Characterization of SEMA3A-Encoded Semaphorin as a Naturally Occurring Kv4.3 Protein Inhibitor and its Contribution to Brugada SyndromeNovelty and Significance
Rationale: Semaphorin 3A (SEMA3A)-encoded semaphorin is a chemorepellent that disrupts neural patterning in the nervous and cardiac systems. In addition, SEMA3A has an amino acid motif that is analogous to hanatoxin, an inhibitor of voltage-gated K+ channels. SEMA3A-knockout mice exhibit an abnormal ECG pattern and are prone to ventricular arrhythmias and sudden cardiac death.
Objective: Our aim was to determine whether SEMA3A is a naturally occurring protein inhibitor of Kv4.3 (Ito) channels and its potential contribution to Brugada syndrome.
Methods and Results: Kv4.3, Nav1.5, Cav1.2, or Kv4.2 were coexpressed or perfused with SEMA3A in HEK293 cells, and electrophysiological properties were examined via whole-cell patch clamp technique. SEMA3A selectively altered Kv4.3 by significantly reducing peak current density without perturbing Kv4.3 cell surface protein expression. SEMA3A also reduced Ito current density in cardiomyocytes derived from human-induced pluripotent stem cells. Disruption of a putative toxin binding domain on Kv4.3 was used to assess physical interactions between SEMA3A and Kv4.3. These findings in combination with coimmunoprecipitations of SEMA3A and Kv4.3 revealed a potential direct binding interaction between these proteins. Comprehensive mutational analysis of SEMA3A was performed on 198 unrelated SCN5A genotype–negative patients with Brugada syndrome, and 2 rare SEMA3A missense mutations were identified. The SEMA3A mutations disrupted SEMA3A’s ability to inhibit Kv4.3 channels, resulting in a significant gain of Kv4.3 current compared with wild-type SEMA3A.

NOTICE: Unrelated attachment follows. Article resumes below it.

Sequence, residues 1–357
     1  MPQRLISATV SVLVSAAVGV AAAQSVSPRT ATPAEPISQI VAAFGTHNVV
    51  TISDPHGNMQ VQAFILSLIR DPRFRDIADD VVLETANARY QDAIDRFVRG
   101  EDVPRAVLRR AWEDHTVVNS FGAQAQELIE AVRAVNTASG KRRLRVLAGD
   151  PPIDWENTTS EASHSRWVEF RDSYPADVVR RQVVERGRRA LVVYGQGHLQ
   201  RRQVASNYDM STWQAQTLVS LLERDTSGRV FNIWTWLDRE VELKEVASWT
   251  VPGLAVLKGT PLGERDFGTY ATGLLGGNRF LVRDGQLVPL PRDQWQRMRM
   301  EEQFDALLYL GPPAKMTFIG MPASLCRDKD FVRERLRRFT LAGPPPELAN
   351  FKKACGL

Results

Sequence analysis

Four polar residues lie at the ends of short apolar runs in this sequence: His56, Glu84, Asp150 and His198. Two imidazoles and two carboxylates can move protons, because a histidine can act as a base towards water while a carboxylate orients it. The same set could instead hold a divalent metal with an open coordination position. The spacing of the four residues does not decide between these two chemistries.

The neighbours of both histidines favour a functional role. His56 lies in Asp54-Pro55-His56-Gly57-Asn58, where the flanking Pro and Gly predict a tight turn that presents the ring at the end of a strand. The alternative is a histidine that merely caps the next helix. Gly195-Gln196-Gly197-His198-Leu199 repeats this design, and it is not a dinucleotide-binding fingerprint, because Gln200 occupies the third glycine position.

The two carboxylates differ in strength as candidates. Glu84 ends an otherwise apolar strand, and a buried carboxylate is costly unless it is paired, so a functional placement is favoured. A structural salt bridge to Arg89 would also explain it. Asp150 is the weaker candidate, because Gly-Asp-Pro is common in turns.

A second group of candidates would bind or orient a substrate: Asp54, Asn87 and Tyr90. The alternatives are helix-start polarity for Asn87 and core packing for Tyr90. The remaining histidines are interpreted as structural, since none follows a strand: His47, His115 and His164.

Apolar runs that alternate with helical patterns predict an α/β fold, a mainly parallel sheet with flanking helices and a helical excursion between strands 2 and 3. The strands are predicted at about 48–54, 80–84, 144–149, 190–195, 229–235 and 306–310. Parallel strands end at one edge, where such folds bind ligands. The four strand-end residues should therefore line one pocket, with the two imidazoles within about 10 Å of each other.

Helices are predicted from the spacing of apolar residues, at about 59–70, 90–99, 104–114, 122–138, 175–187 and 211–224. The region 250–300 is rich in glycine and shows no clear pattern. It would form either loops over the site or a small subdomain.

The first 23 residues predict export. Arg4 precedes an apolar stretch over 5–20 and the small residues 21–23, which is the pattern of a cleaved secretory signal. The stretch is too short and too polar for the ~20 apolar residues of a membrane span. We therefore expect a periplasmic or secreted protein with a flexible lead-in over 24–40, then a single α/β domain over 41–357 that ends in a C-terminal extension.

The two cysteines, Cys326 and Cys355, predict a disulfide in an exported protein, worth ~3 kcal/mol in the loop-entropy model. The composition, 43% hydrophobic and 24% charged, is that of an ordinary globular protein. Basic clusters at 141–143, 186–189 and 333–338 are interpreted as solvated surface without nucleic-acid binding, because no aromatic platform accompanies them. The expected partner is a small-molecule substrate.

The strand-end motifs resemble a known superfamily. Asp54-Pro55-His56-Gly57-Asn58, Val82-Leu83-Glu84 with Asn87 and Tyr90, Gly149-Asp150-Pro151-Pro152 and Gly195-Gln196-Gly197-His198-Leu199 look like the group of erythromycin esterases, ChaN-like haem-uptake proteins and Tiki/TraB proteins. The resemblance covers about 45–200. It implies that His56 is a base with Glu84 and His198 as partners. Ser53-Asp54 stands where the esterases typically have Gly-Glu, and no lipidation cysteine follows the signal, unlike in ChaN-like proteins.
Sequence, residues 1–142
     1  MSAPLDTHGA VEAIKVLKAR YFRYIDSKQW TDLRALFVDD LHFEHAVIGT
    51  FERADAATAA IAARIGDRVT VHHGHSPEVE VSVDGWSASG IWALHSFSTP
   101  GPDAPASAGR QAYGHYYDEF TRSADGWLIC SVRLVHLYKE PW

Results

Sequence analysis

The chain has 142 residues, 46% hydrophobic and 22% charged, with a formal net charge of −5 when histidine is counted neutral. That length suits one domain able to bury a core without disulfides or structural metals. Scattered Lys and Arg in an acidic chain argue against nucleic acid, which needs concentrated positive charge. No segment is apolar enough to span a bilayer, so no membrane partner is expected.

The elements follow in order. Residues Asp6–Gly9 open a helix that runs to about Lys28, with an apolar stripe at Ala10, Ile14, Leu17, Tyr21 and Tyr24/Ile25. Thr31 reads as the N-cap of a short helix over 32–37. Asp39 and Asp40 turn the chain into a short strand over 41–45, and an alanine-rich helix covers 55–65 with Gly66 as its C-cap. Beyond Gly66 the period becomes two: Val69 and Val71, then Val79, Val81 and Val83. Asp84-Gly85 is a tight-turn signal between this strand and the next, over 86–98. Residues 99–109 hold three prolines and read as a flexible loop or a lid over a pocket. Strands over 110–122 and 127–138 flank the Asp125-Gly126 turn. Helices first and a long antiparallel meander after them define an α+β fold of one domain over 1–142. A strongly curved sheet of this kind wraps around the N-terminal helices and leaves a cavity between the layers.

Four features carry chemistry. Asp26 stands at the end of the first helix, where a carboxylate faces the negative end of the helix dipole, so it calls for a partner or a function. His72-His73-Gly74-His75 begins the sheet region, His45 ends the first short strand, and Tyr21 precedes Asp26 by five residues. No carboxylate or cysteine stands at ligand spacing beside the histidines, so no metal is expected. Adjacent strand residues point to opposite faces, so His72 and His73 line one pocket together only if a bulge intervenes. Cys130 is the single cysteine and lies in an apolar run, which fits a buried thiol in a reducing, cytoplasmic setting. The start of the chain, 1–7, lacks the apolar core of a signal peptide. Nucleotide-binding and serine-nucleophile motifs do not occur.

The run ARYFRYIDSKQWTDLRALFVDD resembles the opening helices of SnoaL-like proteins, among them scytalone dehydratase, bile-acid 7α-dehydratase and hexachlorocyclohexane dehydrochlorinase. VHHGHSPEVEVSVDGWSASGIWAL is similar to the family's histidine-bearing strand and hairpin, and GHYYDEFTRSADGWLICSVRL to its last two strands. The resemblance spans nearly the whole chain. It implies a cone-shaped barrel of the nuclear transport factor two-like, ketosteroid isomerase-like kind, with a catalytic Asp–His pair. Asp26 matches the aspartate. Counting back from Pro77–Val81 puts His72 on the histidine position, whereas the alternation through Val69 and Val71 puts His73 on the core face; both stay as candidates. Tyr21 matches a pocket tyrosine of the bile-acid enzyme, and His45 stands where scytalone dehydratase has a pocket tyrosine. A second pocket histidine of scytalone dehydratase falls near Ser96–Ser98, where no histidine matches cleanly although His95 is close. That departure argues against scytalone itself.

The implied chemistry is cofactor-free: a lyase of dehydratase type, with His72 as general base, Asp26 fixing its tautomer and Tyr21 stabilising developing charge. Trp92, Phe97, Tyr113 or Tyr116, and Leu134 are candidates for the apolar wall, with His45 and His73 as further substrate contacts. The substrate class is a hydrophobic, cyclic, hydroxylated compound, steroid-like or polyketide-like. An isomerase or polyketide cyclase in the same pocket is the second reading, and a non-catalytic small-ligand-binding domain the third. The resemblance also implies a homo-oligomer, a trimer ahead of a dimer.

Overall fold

Conclusions: This study is the first to demonstrate SEMA3A as a naturally occurring protein that selectively inhibits Kv4.3 and SEMA3A as a possible Brugada syndrome susceptibility gene through a Kv4.3 gain-of-function mechanism.
- Received February 7, 2014.
- Revision received June 18, 2014.
- Accepted June 23, 2014.
- © 2014 American Heart Association, Inc.